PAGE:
Telomere (tel-uh-meer) from the Greek telos (end) and meros (part).
Telomeres are an essential part of human cells that affect how our cells age.1,2
Telomeres are the caps at the end of each strand of DNA that protect our chromosomes, like the plastic tips at the end of shoelaces.3
Without the coating, shoelaces become frayed until they can no longer do their job, just as without telomeres, DNA strands become damaged and our cells can’t do their job.3
Telomere shortening is involved in all aspects of the aging process on a cellular level. Telomere length represents our biological age as opposed to our chronological age.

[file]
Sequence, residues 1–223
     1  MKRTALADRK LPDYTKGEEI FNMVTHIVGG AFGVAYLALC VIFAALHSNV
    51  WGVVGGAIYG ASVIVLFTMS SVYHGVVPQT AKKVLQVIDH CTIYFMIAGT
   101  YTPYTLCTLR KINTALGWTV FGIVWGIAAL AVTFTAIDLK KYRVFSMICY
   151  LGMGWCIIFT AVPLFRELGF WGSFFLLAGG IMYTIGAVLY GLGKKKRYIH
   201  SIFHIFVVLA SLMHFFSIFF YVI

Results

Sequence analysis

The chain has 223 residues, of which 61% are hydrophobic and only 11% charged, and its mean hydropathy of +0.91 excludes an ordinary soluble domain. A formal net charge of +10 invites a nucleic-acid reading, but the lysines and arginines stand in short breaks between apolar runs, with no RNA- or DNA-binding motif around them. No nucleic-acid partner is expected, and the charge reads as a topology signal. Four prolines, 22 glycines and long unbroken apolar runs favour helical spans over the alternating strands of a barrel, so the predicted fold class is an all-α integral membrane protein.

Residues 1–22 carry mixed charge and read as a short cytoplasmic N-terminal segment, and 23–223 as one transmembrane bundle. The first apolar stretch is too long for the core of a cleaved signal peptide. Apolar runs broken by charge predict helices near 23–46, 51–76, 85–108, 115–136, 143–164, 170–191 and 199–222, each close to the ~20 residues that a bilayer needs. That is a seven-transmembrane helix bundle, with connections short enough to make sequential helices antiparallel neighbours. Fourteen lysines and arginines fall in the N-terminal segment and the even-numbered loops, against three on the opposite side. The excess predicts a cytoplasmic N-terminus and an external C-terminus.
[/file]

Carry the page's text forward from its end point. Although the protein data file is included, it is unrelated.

Many scientific studies have shown a strong connection between short telomeres and cellular aging.8
The fact that telomeres protect our DNA was first observed in the 1930s.6
Scientists made the link between telomeres and cellular aging nearly 40 years ago.6
In 2009, the Nobel Prize for Physiology/Medicine was awarded to three scientists who discovered how an enzyme called telomerase impacts telomere length.
First randomized, double-blind, placebo controlled study to show telomeres getting longer in humans.12
There are more than 20,000 scientific articles published about telomeres.
An ever increasing number of scientists continue to study telomeres and the benefits of stopping or possibly reversing the telomere shortening that happens as we age.